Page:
Nick Shaxson ■ So: what kinds of corporate tax schemes won’t BEPS stop?
There have been a few inquiries from people in the media looking at our (and others’) recent critiques of the OECD’s recently-released BEPS project proposals to tackle international corporate tax avoidance. One pertinent question is this: which schemes, specifically, won’t BEPS stop?
Prof. Sol Picciotto, a TJN Senior Adviser and co-ordinator of the BEPS Monitoring Group, a network of tax justice groups looking at the project, provided the following answer to this question from a French journalist.
There are several kinds of structure which the BEPS proposals would not deal with:
(i) separating activities which can be considered to add low value (e.g. manufacturing), from high value adding activities such as R&D, design, or central management, which can be located in countries which apply low tax especially on foreign profits. For example, Colgate-Palmolive some 10 years ago reorganised its European operations, so that it could treat its plant in France as a “contract manufacturer”, and centred its high value adding activities in Switzerland, where they benefit from tax advantages. Several countries are now now indeed competing to offer advantages to attract such high-value activities, e.g. the UK, whose government announced it would reduce corporate tax to 18%, and in 2012 changed the tax laws to give favourable treatment to foreign profits. The UK also introduced a “patent box” in 2012 with a 10% tax on profits from R&D producing patents, and many countries are introducing similar “innovation boxes”. The BEPS proposals ask only that after 5 years (by 2021) such tax concessions must comply with some complex rules, relating the R&D expenditures to the income produced. Each country will be free to apply those rules as they wish to companies, and checking whether national laws comply with these rules will be done only by other countries, in a secretive and voluntary procedure.
(ii) companies which supply services can quite easily pay no tax in countries where they deliver such services, if they do not need a fixed base for 6-12 months in that country for that service. This works even if the company does have a related entity in the country if that entity is engaged in a different business. For example, the Big Four accounting firms have affiliates all over the world, but their local offices usually do only low value work, mainly audit. The high value work, such as business or tax advice, can be done by staff mainly located elsewhere, who only make short visits to the country. The same applies to law firms, advertising, etc. However some countries, mainly developing countries such as India, apply a tax on the fee for such services, though not on the actual profit.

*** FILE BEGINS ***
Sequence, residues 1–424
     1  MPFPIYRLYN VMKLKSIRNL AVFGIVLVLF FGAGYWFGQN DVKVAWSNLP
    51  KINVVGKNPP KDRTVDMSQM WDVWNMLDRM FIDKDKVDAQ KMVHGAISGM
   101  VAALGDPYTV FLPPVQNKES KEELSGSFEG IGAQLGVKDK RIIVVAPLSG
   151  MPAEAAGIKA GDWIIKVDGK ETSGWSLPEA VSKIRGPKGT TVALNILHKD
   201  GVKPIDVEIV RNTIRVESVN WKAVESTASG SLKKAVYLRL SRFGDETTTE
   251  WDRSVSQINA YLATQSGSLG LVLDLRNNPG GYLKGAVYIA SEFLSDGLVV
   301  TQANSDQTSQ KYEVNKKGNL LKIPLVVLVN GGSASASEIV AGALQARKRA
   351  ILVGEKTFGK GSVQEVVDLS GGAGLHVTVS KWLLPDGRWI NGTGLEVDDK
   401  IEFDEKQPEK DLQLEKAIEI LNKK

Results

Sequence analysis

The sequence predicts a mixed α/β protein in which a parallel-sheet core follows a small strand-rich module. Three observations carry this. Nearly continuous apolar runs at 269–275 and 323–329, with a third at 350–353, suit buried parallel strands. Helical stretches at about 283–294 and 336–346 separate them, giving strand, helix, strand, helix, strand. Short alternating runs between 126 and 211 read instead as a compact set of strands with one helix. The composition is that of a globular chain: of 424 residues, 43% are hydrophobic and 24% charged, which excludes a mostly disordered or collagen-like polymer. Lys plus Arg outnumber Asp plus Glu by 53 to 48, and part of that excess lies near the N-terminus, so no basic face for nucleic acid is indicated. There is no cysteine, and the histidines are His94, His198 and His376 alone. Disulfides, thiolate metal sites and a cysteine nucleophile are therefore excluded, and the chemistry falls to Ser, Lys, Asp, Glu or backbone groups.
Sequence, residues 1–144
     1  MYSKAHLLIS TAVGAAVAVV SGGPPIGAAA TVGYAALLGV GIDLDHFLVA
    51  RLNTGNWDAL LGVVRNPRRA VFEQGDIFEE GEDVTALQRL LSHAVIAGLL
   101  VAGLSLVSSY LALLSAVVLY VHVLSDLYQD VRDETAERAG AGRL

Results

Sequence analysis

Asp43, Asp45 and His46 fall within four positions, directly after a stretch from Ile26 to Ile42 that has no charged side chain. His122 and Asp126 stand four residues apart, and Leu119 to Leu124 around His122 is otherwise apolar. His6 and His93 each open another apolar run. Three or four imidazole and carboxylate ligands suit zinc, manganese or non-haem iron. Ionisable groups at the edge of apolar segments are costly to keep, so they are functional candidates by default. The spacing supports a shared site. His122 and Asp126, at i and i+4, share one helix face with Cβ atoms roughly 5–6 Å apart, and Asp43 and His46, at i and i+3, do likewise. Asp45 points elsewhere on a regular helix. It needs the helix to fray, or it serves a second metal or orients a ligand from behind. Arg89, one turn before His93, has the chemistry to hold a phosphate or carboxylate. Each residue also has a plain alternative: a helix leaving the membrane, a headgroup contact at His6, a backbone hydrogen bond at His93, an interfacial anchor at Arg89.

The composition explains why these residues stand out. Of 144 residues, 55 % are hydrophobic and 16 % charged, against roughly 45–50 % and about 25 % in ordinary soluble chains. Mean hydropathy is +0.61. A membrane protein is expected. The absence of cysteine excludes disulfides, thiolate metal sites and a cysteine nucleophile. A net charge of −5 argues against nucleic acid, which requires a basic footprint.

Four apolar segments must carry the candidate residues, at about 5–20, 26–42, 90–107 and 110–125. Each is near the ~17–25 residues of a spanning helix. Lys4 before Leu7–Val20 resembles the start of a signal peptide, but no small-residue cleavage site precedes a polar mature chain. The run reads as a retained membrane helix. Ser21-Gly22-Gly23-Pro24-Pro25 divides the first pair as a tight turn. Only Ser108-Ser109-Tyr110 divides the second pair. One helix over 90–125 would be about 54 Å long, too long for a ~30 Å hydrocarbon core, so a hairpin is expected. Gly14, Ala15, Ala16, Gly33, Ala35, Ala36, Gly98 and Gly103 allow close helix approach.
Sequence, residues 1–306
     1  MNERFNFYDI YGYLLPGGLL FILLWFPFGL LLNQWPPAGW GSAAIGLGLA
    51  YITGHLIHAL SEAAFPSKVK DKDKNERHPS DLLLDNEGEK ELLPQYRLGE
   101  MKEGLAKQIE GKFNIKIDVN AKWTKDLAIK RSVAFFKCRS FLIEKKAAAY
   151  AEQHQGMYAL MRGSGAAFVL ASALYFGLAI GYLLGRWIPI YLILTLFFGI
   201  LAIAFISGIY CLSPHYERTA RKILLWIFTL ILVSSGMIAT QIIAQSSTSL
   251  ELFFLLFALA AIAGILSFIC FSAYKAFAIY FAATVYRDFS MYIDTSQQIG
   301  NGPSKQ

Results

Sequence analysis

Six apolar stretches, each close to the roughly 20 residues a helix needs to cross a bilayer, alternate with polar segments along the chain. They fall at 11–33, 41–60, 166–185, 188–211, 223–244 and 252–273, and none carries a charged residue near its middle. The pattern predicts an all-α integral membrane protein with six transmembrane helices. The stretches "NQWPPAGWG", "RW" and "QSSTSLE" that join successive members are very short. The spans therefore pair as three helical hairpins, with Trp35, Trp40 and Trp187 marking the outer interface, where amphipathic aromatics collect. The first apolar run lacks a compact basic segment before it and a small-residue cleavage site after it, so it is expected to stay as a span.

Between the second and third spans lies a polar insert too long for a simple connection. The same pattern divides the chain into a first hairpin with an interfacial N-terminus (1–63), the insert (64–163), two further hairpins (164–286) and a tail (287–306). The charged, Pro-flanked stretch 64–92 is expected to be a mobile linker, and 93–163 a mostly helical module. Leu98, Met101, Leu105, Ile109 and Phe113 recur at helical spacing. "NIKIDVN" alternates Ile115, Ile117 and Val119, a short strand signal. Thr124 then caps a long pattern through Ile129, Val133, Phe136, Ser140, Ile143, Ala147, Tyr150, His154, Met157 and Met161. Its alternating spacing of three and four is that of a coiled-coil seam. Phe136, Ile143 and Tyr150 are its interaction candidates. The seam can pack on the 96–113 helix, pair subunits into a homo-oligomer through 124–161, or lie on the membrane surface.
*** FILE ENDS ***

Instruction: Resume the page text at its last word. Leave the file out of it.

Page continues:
(iii) The BEPS proposals do not automatically resolve even some of the well known avoidance structures. In particular, “digitalised” companies such as Google could still reports profits on their sales of advertising and other digital products in a low-tax place, if they do not have an affiliate in the country which is directly involved with concluding the contracts with customers for the advertising etc. They can still have affiliates doing other functions, even related ones, such as customer support. This applies to a wide range of internet-based activities, such as video streaming, electronic book sales, etc. The report on BEPS Action 1 identifies 3 solutions countries can use to deal with these, though they are not OECD recommendations. Also, countries which may want to use these ideas may need to renegotiate their tax treaties to apply such solutions.
(iv) This uncertainty also applies to many other structures, even common ones, e.g. the ‘Dutch sandwich” IP-holdings, or the “cash box” financial structures. The BEPS outputs give tax authorities powers to attack them, but using complex rules which must be applied by doing a specific analysis of each corporate structure, and the “functions performed, assets used and risks assumed” of each affiliate. Tax authorities can adjust prices charged for the affiliates to each other to what may be considered a ‘normal’ price for the actual activities performed. But this requires skilled staff with enough time to do the analysis well enough to defeat the arguments of the tax advisers hired by companies to invent and defend these structures. Tax authorities everywhere are short of such skilled staff, even the US IRS had to hire outside consultants, paying $2m, to help with its audit of Microsoft. This is obviously especially difficult for small and developing countries.
More in due course.
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